A beautifully preserved fossil from France has given paleontologists a look at an animal that is almost, but not quite, the earliest known spider.
The eight-legged creature lived 305 million years ago and has been named Idmonarachne brasieri, a reference to Idmon, the father of the skilled weaver Arachne in Greek mythology. Amateur fossil hunter Daniel Sotty discovered it in the ancient rock of Montceau-les-Mines in eastern France, and it was later placed in the collections of the Muséum National d’Histoire Naturelle in Paris.
“When I first saw it, I was unsure what kind of arachnid it was,” says University of Manchester paleontologist Russell Garwood. Only the abdomen was visible in the sample, but already Garwood could see hints of a relationship with arachnids. Later, when his team created high-resolution CT scans, they found far more preserved in the Carboniferous-age stone.
A 3D model of the ancient arachnid reveals its bulbous body, fangs, and distinct lack of silk-spinning appendages. [Illustration By Garwood Et Al 2016, Museum National D’histoire Naturelle, Paris]
“The legs and entire front half of the body was buried in the rock,” says Garwood, whose team describes the fossil this week in Proceedings of the Royal Society B. His team created a 3D model and restoration of Idmonarachne that revealed various arachnid traits, including very spider-like fangs. But the detailed models also highlighted some significant differences.
If you look closely at a modern spider (sorry, arachnophobes), the entire back half of the body is a single bulbous structure. “Not so in this creature!”, Garwood says of Idmonarachne. The ancient invertebrate retains segments along its abdomen, more like archaic forms of arachnids such as the pseudoscorpions.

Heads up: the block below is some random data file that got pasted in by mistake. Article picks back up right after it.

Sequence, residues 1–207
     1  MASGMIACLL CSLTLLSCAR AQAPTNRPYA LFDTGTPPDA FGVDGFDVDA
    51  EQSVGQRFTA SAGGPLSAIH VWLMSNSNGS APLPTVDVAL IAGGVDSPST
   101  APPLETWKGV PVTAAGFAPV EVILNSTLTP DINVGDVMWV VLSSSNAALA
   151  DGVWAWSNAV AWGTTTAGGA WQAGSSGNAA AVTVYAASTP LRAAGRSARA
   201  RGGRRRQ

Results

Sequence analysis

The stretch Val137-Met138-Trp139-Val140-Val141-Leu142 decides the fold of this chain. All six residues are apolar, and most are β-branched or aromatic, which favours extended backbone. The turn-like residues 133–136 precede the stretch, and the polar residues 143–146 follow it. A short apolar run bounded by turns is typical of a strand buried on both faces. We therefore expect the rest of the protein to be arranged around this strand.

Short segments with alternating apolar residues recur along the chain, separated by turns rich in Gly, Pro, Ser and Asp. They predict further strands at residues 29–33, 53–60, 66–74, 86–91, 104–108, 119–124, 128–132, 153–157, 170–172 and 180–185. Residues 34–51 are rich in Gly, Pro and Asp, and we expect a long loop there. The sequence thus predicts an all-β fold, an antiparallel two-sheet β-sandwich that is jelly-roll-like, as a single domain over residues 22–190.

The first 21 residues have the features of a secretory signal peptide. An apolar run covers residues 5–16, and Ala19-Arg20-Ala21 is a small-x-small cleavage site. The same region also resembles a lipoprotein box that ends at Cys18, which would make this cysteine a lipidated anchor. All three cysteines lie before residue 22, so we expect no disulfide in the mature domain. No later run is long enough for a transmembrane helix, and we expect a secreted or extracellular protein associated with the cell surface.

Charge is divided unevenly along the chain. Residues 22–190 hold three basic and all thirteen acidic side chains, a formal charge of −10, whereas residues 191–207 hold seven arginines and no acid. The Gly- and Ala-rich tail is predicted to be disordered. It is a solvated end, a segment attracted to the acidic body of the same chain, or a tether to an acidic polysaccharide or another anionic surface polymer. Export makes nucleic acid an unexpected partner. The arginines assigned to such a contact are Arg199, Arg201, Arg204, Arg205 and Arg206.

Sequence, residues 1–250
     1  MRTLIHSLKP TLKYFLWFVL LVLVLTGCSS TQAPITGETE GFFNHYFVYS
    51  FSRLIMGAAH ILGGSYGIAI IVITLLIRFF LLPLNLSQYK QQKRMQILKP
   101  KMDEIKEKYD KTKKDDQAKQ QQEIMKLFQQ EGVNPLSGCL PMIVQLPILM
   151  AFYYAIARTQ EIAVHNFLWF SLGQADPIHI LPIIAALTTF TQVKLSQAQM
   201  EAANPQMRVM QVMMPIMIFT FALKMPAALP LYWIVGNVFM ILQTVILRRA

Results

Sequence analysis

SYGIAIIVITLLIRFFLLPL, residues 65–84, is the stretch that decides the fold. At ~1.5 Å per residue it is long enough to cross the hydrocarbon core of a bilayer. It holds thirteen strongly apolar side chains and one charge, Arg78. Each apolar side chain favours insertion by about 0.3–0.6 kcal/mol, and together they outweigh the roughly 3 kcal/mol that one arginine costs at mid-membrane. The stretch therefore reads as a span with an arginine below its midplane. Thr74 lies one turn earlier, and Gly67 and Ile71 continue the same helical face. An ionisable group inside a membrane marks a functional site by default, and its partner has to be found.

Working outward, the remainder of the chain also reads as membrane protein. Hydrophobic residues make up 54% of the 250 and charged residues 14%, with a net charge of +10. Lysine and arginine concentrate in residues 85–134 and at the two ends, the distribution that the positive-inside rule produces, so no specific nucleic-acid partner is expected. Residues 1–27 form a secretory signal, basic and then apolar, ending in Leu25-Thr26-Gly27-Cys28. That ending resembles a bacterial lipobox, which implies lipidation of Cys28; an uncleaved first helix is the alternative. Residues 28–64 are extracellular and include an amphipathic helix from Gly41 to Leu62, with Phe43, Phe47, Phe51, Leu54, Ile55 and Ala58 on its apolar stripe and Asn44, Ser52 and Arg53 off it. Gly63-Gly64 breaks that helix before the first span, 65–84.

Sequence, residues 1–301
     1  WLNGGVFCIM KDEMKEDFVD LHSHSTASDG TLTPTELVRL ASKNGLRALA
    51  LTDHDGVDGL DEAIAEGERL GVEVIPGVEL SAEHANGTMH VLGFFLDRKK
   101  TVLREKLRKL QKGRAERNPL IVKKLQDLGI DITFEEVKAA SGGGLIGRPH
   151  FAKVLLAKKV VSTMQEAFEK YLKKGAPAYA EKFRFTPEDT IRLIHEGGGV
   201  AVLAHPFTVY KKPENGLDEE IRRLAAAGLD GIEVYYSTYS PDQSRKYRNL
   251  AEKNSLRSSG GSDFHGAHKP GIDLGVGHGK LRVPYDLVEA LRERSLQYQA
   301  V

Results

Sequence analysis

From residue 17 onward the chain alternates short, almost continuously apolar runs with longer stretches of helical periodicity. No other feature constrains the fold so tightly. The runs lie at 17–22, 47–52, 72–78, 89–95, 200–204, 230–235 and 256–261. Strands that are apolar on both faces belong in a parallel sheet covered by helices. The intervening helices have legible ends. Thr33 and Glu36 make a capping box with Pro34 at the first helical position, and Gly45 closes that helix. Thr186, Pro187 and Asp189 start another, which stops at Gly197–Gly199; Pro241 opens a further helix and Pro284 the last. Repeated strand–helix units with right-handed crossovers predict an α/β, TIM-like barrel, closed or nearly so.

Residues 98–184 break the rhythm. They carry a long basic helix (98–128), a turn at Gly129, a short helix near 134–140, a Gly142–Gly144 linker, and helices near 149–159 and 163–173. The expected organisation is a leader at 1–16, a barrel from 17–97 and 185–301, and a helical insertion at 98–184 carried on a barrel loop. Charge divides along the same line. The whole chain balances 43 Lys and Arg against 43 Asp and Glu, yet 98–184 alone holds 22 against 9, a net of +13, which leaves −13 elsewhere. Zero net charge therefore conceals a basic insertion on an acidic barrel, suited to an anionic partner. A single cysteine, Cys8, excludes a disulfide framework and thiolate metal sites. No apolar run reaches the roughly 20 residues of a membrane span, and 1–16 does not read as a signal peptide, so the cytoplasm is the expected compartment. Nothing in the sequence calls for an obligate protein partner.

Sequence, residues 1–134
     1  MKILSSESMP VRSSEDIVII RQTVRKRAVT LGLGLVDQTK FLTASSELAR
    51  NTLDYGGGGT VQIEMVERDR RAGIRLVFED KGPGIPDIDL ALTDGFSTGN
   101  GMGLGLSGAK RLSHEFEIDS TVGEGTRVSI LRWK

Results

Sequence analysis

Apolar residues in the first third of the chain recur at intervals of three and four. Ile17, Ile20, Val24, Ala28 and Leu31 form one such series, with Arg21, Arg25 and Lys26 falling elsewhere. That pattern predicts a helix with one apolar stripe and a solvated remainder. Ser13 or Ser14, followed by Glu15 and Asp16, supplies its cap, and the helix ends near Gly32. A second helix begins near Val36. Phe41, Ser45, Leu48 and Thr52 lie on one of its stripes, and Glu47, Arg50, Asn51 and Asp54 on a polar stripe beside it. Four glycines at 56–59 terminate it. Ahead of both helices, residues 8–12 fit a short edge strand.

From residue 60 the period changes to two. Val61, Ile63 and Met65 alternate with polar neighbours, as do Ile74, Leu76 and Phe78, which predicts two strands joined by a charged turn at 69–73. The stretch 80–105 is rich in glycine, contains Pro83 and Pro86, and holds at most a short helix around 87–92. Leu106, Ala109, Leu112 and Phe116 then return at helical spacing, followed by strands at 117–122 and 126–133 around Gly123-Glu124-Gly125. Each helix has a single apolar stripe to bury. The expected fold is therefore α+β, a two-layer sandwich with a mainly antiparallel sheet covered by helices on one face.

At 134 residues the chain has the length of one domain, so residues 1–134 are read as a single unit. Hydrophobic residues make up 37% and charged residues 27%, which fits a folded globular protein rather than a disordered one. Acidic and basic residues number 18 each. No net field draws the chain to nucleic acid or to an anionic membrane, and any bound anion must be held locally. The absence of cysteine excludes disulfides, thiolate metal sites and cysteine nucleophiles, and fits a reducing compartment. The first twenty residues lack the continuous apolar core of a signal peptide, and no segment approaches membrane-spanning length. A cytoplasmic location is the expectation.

Idmonarachne also lacks something special that defines so much of the spider lifestyle: The fossil arachnid doesn’t have any spinnerets. While delicately constructed webs seem synonymous with spiders, we know from the fossil record that the ability to secrete silk came before the ability to carefully control it.
Spider relatives called uraraneids, which lived from 385 million years ago through the time of Idmonarachne, could produce silk but could not build webs.
“We know from uraraneid fossils that they had spigots but not spinnerets,” Garwood says. Rather than making exquisite, sticky traps, the uraraneids and Idmonarachne might have used their silk to line their burrows or wrap up egg sacs. But the lack of extra appendages to better manage that silk separates them from true spiders, Garwood says.
Still, the results show that Idmonarachne “falls along the line of evolution towards true spiders,” says arachnologist Jonathan Coddington of the Smithsonian's National Museum of Natural History. The fossil’s combination of features “implies a fairly neat set of transitions to true silk production,” he adds.
In that sense, Idmonarachne acts as a bridge between early spider-like creatures brewing up blobs of silk and the skilled weavers that we see today—which have been so unabashedly successful that there are probably several of them within a few feet of you right now.